Because Fox has worked on Riverboats for more than 20 years he has amassed a great body of Riverlore. Though these shows are delivered by the same character there is very little overlap other than the introduction. One focuses on the writings of Mark Twain and the other on the Civil War.
Steamboatin' Down the Mississippi with Mark Twain:
Mixing true stories with heavy doses of Twain's wit and wisdom Brian "Fox" Ellis steps on stage to regale the audience as Captain Henry Detweiler, a riverboat man who piloted steamboats for 30 years in the mid 1800's. He was a friend of Lincoln, delivered troops, supplies and top secret messages during the Civil War and, like all captains, kept a log of his travels on the great river road. Detweiler spins some of Twain's favorite yarns with his adventures as a cub pilot on the Mississippi. Fox talks about Twain's craft, the life of a writer, and his boyhood in Hannibal, Missouri. As a Riverlorian and storyteller, Fox has worked on riverboats for more than twenty years and has learned by heart more than three hours of Twain's most memorable material. Jokes, tall tales and true history weave together with songs and stories from one of the world's greatest humorists.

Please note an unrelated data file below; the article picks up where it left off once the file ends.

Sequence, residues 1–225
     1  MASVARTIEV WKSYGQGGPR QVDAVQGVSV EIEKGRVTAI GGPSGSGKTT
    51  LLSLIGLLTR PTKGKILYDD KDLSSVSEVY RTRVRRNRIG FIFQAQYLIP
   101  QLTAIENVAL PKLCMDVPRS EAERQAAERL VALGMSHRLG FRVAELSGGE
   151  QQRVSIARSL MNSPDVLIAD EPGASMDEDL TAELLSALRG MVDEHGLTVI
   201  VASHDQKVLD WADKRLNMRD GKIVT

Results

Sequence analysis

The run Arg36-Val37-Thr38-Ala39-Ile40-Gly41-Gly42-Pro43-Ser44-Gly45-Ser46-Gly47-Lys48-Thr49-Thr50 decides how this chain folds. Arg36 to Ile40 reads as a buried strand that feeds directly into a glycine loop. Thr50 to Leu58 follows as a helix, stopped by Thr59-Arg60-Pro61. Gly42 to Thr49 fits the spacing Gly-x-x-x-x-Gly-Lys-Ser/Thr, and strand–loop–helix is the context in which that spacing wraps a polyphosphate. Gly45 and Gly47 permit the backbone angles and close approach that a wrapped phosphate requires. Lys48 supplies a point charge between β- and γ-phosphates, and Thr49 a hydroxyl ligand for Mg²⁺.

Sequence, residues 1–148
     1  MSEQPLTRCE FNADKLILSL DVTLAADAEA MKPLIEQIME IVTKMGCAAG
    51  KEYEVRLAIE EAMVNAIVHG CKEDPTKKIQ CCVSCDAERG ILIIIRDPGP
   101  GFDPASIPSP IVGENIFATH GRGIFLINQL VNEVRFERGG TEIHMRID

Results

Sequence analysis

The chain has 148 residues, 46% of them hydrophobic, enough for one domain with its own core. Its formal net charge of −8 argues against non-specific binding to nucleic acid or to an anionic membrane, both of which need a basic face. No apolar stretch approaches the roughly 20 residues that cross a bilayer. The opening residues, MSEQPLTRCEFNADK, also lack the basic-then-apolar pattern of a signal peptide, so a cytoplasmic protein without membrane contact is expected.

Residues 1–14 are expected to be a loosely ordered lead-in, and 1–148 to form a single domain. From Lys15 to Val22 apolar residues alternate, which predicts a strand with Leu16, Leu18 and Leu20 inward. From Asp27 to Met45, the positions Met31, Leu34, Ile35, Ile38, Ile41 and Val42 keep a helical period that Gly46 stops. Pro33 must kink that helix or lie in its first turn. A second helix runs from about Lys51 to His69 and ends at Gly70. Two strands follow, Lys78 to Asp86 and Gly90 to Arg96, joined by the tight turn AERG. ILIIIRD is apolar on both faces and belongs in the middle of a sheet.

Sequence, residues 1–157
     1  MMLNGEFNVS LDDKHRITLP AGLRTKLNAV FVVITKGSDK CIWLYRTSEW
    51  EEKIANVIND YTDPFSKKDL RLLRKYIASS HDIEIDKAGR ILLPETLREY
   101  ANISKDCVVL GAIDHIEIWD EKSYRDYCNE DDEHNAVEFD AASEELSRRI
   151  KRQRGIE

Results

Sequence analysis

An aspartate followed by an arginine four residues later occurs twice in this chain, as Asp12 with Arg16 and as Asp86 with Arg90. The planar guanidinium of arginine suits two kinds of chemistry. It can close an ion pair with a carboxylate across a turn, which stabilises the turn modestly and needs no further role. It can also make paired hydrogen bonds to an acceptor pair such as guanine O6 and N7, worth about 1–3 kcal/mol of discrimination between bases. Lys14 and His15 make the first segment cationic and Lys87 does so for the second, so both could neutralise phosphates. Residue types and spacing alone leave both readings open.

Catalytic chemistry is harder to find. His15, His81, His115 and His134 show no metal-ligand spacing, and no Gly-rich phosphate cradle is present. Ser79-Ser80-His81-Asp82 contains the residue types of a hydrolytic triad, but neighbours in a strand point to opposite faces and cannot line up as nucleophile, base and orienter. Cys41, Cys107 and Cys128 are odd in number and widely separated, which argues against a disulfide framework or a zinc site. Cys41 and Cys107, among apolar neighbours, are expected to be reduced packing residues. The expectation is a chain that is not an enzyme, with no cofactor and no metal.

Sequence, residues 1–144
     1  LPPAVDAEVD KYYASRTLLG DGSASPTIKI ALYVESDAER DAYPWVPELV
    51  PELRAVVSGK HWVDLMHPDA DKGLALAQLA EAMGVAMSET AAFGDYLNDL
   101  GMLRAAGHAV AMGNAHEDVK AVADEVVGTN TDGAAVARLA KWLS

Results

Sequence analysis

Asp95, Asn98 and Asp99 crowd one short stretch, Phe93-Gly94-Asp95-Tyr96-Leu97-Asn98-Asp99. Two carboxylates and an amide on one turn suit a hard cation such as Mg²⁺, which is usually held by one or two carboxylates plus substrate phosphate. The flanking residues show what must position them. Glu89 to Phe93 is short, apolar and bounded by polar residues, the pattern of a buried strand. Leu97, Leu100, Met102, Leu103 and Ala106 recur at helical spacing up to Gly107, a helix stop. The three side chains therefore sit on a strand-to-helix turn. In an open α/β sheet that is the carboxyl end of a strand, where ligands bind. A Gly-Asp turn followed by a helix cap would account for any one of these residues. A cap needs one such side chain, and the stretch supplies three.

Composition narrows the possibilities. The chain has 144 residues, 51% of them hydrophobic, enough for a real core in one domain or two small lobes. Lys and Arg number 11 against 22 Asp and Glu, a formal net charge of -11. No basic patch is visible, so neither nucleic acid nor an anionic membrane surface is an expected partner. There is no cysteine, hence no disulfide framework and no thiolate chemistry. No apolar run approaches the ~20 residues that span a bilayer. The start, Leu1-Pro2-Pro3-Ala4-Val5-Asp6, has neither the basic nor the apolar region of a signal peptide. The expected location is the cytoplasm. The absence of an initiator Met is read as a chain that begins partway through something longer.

Captain Henry Detweiller on The Role of Steamboatin’ in the Union Victory!
Based on the pilot’s logs of Captain Detweiller, Brian “Fox” Ellis steps on stage immersing the audience in the vital, though unsung role of steamboats in the siege of Vicksburg, the capture of Natchez, and the horrors of Shiloh. Captain Henry Detweiller was there and shares an eyewitness account. He delivered troops and supplies during the Civil War, was a friend of Lincoln and rival of Mark Twain! Fox brings these stories to life in a first person monologue that shares a unique voice in this important chapter of river history. Fox is also the Riverlorian for the Spirit of Peoria.